All denim is either sanforized (pre-shrunk) or unsanforized (in its raw cotton state). Soaking either type, if you choose to do it, has its benefits and can be an important step to undertake when starting a new pair of jeans.
How to soak your raw denim
The main reason to soak sanforized denim before wearing it is to remove some of the wax and starch in the finish of the denim. To soak your raw denim:
- Fill a tub with water (cold water for sanforized, hot for unsanforized)
- Turn your jeans inside out and fully submerge your jeans in the water. If parts of your denim float to the surface, put some weight over it.
- Let your denim soak for one to two hours. The water might look kind of murky afterwards but don’t worry, your denim is fine.
- Take your denim out of the tub and squeeze the excess water out
- Air-dry your denim. The denim will still be rigid, but will break in quicker now that the starch has been removed.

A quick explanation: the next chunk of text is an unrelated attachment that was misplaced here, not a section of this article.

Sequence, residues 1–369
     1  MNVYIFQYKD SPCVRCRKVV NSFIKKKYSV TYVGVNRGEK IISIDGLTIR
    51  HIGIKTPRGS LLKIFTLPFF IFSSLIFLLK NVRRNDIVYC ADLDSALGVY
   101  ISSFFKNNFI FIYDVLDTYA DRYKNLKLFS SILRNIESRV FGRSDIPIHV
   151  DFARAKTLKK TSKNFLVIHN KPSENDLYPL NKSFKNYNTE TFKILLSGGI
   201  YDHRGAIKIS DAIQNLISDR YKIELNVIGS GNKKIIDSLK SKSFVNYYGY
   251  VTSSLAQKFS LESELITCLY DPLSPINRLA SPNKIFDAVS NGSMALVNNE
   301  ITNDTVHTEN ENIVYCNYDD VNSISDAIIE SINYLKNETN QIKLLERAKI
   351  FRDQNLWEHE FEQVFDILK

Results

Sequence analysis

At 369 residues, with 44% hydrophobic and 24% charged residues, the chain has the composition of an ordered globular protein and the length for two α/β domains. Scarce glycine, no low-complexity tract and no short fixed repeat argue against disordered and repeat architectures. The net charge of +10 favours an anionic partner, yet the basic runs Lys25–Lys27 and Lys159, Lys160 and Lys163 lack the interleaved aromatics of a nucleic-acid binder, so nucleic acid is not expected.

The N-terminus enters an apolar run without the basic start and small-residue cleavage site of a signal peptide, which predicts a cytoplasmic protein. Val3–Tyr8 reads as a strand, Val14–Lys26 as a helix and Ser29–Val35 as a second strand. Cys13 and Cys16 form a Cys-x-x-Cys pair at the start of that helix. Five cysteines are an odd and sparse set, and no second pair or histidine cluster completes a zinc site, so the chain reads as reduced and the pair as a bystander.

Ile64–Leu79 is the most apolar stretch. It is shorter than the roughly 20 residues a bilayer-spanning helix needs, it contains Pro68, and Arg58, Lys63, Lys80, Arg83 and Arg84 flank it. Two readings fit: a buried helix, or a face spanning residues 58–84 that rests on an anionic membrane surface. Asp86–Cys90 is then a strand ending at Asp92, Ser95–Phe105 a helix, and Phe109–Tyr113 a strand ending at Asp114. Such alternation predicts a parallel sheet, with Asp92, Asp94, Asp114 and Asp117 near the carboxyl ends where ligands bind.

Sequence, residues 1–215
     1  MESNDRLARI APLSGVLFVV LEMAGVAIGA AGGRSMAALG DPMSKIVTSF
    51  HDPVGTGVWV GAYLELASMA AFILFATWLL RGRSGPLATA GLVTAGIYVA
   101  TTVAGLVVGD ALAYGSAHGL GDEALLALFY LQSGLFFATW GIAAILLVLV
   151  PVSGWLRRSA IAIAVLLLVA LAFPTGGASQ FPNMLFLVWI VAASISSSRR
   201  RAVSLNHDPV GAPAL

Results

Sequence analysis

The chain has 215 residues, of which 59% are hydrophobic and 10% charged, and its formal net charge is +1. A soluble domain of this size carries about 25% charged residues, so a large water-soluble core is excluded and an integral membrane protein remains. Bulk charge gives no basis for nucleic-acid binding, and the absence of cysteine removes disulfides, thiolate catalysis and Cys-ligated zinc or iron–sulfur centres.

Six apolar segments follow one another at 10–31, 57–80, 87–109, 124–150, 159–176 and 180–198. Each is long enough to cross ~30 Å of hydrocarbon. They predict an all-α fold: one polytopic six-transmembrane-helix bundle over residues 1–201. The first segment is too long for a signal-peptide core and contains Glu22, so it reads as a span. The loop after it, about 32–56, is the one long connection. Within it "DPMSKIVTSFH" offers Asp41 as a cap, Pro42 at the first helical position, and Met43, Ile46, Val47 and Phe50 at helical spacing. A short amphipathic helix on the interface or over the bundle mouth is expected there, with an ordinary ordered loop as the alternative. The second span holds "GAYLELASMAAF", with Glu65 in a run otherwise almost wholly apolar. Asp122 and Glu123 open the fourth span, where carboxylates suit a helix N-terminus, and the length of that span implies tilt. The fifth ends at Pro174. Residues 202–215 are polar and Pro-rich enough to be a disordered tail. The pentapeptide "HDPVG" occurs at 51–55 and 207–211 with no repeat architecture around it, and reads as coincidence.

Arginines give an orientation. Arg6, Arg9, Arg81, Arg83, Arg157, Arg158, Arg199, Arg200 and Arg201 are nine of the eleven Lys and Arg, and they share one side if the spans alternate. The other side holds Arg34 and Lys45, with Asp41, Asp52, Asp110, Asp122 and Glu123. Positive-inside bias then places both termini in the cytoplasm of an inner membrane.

Another rationale for soaking sanforized denim is to “set” the indigo dye to reduce crocking. This is accomplished by filling a tub with cold water, one cup of white vinegar, one cup of sea salt and soaking the sunken jeans for one hour. Rinse in cold water and air dry.
The principal reason to soak unsanforized denim is to shrink-to-fit the fabric. Since the cotton is in its raw state, jeans made from unsanforized denim can shrink 1-2 waist sizes and 2-3 inches in length. The process is the same as above except for unsanforized denim, hot water is preferable (40°C/140°F).
In both cases, it is very important to keep the jeans out of the dryer and to air dry only.
Here's a handy infographic you can keep for yourself the next time you want to soak your own raw denim: